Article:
11. The first condition is that the application must have been made without unreasonable delay. It is apparent that the Motion was filed less than one (1) month following delivery of the impugned judgment on 1st October, 2019. I am satisfied that the Motion was timeously filed.
12. Under the second condition, the appellants must show to this court’s satisfaction the substantial loss they would suffer if the order for stay is denied. In her affidavit, the 2nd appellant stated that not only do the appellants stand to lose their property if a stay is denied, but they are apprehensive that the respondent will not be in a position to refund the decretal sum once the same is paid and the appeal eventually succeeds.
13. In reply, the respondent averred that if payment is made, the appeal will not be rendered nugatory since a consent was entered between the parties on liability.
14. The courts have rendered that where a party has raised an issue of the opposing party’s likely inability to refund the decretal sum, the burden shifts to the opposing party to demonstrate his or her financial capability to repay the decretal sum.
15. In the present instance, the respondent neither indicated nor demonstrated her ability to refund the decretal sum.
16. I am therefore satisfied that in the present circumstance the appellants have shown that they stand to suffer substantial loss.
17. The final condition is on the provision of security for the due performance of the decree or order. On their part, the appellants indicated their readiness to abide by the conditions that will be imposed by this court.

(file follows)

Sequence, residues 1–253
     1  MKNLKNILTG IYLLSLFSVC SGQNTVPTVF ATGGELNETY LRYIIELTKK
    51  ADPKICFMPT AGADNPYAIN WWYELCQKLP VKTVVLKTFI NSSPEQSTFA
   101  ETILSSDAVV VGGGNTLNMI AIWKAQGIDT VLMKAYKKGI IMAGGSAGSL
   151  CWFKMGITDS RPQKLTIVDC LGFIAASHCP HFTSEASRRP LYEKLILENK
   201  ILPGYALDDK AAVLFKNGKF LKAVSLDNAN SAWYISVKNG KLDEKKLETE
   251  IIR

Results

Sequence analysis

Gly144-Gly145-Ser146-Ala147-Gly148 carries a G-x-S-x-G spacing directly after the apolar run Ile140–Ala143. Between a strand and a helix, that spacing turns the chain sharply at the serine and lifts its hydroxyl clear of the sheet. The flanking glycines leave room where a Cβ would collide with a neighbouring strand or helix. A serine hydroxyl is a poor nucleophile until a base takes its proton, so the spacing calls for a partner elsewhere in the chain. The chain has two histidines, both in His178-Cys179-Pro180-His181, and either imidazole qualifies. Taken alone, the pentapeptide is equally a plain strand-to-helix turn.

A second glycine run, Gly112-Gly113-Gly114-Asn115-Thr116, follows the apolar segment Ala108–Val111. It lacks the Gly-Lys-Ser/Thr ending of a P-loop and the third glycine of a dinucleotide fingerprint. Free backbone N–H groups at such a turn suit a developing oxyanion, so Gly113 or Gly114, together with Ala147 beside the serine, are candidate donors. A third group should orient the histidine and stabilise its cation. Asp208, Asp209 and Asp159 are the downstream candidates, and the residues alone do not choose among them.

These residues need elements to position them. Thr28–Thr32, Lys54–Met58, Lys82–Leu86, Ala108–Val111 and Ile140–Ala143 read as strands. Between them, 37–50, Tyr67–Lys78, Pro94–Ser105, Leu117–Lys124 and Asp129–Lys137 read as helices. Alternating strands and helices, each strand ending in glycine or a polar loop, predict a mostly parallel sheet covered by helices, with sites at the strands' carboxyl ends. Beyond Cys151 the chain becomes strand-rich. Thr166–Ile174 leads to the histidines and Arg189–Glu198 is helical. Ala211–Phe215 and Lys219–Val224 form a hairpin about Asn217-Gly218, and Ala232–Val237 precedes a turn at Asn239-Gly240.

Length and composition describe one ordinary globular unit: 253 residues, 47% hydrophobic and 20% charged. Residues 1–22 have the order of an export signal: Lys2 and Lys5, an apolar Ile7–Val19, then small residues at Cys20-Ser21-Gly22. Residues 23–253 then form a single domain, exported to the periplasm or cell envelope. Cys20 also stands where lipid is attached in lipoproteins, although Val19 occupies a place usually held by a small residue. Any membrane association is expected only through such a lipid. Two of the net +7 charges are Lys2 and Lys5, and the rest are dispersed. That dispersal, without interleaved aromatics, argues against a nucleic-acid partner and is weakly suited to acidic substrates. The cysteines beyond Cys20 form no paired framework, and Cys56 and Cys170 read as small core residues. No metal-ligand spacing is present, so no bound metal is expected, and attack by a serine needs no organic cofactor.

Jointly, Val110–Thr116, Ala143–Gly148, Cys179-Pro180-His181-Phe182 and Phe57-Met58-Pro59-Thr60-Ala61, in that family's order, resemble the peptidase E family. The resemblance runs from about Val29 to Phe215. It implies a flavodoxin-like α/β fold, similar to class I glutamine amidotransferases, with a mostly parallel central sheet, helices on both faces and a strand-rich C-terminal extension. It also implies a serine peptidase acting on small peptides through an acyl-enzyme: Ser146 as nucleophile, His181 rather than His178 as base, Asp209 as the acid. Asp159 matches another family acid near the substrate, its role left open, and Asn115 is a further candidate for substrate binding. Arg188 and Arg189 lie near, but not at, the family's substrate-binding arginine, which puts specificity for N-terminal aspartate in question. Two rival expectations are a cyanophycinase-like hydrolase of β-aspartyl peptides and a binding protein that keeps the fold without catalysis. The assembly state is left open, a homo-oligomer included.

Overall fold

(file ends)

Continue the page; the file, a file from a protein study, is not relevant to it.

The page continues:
18. The respondent did not touch on this subject.
19. Before I proceed to make my final orders, I will address my mind to the Motion of 30th October, 2019 which essentially concerns itself with the security for the due performance of the decree. I noted that the respondent also sought for an order for the review, setting aside and/or modification of this court’s orders made on 17th October, 2019.
20. I wish to clarify that on the aforesaid date, this court issued interim orders for a stay of execution which orders are now spent. In the premises, there are no stay orders in place to be reviewed or set aside.
21. On the subject of security for the due performance of the decree, it was the respondent’s assertion that she urgently requires a substantial amount of the decretal sum to enable Christian Mutua Kihu (“the minor”) seek specialized medical treatment for the injuries he sustained as a result of the accident.
22. It is noted that the respondent did not avail any documents to support the above assertion. On the same note, I have already found that the respondent did not demonstrate her ability to refund the decretal sum in the event of a successful appeal.
23. It therefore follows that I am unable to grant the order being sought in the second Motion.
24. In the end, the Motion dated 15th October, 2019 succeeds in terms of prayer (iii) while the Motion dated 30th October, 2019 is hereby dismissed with no order as to costs.
(a) There shall be an order for stay of execution pending the hearing and determination of the appeal on the condition that the appellants do deposit the entire decretal sum in court within 30 days of this day, failing which the stay order shall lapse.
(b) Costs of the application to abide the outcome of the appeal.
Dated, Signed and Delivered at Nairobi this 21st day of January, 2020.
In the presence of:
……………………………. for the Appellants
……………………………. for the Respondent